Following up on my August half marathon debut, I had something to prove. I finished that first race with a time of 2:00:54. Albeit somewhat arbitrary, that 54 seconds beyond the two-hour mark taunted me. Fortunately, I had a chance at redemption a month-and-a-half later, at a local half marathon.

After the Skinny Raven half, I ran a reduced mileage week before basically jumping right back into a modified version of the training plan I had been using.

To beat the 2-hour mark, I knew I just needed to average below 9:09 minutes per mile. I kept track of my estimated finish time via an app installed on my Garmin watch.

There’s not much noteworthy about this course. It started at the Kenai Visitor’s Center, took a quick tour of ‘Old Town Kenai’, before dropping down Bridge Access Road. From there, you get on Beaver Loop Road and begin your long circle back to the Visitor’s Center.

I just ran my race, enjoying the music in my headphones and taking in the sporadic crowd support (basically, a few isolated groups of people waiting to cheer people that weren’t me). After exiting the far end of Beaver Loop and getting back to the path along the Kenai Spur Highway, I grabbed a cup from the aid station. I wasn’t thirsty, but I was a little hot so I figured I’d toss a cup of water on my head to help cool off. Unfortunately, there was a misunderstanding between me and the aid station volunteers and I ended up dumping a cup of blue Gatorade on my head. Oh well, it still served the same purpose–except for the minor burning as some of it worked its way into my eyes.

I had my location shared via Google Maps so that my family could track my progress and meet me as I passed the street our home is on. Unfortunately, there was some delay and I saw them pulling up to the intersection as I passed it. The support still registered, and looked forward to meeting them at the finish line just a few miles ahead.

Back into town proper, there was one point where we had to cross Bridge Access Road again. I had assumed there would be some sort of traffic control to give racers the right-of-way. There wasn’t. I had to wait for a break in traffic, losing precious seconds, before I could cross the road and get back to the sidewalks that would carry me to the finish line.

In the final mile, my nephew appeared out of nowhere and ran next to me for a hundred yards or so. We didn’t speak. After he broke off, I wondered if I had imagined the whole thing.

My legs were starting to fatigue, but the finish line was close and I wanted to finish strong. I picked up the pace over the last quarter mile or so.

I finished the race with a chip time of 1:58:37.5, safely under my sub-2-hour goal.

During the race, I felt comfortable and in control. I didn’t experience any pain, just a little fatigue. That evening, some soreness started to develop near the side of my right knee. I woke up in the middle of the night barely able to bend my right knee without some severe burning sensations. While this pain mostly subsided by morning, it was a harbinger of a bigger issue that I would have to spend the next couple of months struggling with.


Race Report: 2018 Anchorage Runfest – Skinny Raven Half Marathon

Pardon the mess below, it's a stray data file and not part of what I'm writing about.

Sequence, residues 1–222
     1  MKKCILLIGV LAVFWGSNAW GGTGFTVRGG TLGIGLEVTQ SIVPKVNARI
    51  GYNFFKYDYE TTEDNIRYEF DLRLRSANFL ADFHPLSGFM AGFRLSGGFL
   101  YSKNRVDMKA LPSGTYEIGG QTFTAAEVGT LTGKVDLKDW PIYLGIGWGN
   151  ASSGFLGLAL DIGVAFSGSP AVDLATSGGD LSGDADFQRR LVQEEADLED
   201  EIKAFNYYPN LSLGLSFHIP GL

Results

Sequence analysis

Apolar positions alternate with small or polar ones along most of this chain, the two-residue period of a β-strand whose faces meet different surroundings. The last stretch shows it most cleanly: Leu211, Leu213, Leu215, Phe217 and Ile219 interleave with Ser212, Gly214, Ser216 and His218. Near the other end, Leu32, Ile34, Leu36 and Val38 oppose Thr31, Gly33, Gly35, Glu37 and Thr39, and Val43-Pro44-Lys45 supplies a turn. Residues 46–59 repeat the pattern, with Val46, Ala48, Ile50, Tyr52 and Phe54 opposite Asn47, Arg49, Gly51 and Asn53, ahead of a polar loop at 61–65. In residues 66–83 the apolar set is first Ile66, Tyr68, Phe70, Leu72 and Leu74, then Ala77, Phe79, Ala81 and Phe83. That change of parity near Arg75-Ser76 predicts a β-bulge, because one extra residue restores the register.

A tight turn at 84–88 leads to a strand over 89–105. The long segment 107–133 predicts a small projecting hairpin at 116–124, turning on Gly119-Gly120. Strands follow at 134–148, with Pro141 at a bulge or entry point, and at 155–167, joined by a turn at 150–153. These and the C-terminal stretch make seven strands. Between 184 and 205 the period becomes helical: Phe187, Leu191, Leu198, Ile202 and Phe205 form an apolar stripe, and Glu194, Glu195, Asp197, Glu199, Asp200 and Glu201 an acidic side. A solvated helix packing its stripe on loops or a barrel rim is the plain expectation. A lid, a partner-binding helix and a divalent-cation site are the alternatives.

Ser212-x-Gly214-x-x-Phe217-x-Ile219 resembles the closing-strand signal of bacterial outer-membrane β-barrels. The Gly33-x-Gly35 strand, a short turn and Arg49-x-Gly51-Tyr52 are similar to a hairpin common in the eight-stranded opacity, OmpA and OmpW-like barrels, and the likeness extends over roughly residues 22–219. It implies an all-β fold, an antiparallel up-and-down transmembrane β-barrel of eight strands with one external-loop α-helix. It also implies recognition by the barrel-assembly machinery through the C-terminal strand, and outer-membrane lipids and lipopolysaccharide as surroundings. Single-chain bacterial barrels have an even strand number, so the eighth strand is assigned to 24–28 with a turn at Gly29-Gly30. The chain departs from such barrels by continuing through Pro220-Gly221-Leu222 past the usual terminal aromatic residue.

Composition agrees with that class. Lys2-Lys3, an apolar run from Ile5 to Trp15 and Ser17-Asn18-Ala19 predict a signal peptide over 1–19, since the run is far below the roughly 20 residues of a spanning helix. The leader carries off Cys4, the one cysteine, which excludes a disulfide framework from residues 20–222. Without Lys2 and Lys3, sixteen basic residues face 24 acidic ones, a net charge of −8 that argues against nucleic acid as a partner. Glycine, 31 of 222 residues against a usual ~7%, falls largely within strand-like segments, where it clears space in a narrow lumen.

Race information


Finish< 2 hours
YesSo dang close


Over the past couple years, I ran up to 3 miles a couple times a month. I almost never ran in the cold Alaskan winter months (October through March). In mid-June of this year, I started running regularly and got hooked. I attribute this, at least in part, to signing up for a Smashrun account. I kind of obsess over stats and was anxious to start filling it with data and earning badges. After a week or so of regular running, I set a goal to run a half marathon by the end of the year.


I started with the Hal Higdon Novice 1 plan. About halfway through, I switched to the Novice 2 plan, essentially because it worked better with my schedule. I did jump ahead a little bit in my training, but I was careful to listen to my body to avoid injury. For example, I jumped from an 8-mile long run to a 10-mile long run, because I was just too excited to hit that milestone. I also did not crosstrain–I rode my kid’s bike a little here and there and went on walks, but nothing really structured.

The half marathon I was initially training for was schedule for September 30. Since I started my 12-week plan more than 12 weeks prior to that date, I was left with trying to decide to stretch out the training or find another race that fell in line with my training. I was fortunate to find a half marathon nearby (3 hour drive) from my home that lined up perfectly with my training.


Basically followed the same plan I did for all of my long runs. Wake up, eat some oatmeal, drink a cup of coffee, use the bathroom. I was careful to remain hydrated and get sleep during the days leading up to the race. I followed my race plan’s taper (I actually skipped the last 2 mile run and rested that day).


The race didn’t have corrals. We were basically told to just organize ourselves according to our expected pace. I had two problems: being my first race I wasn’t sure what my pace was going to be (I wanted to start with 9:30 miles and evaluate midway), I had no way of knowing the pace of the people next to me. So, I just put myself somewhere in the middle.

The gun fired and we were off. There were over 700 of us sharing a narrow bike path for the first few miles. The first half mile was downhill, but there was no speed to take advantage of because of how tight we were packed. It was extremely difficult to pass anyone. The pace of the pack was slower than my goal by 15 to 30 seconds. After about 3 miles, things opened up a bit and I was able to find a comfortable pace with some space.

At 5 miles, I ate my first GU. The first half of the race was at a slight uphill, with a few steeper sections. Many people walked on the steeper sections, but I actually powered through them and used the flat parts to get my heart rate back down.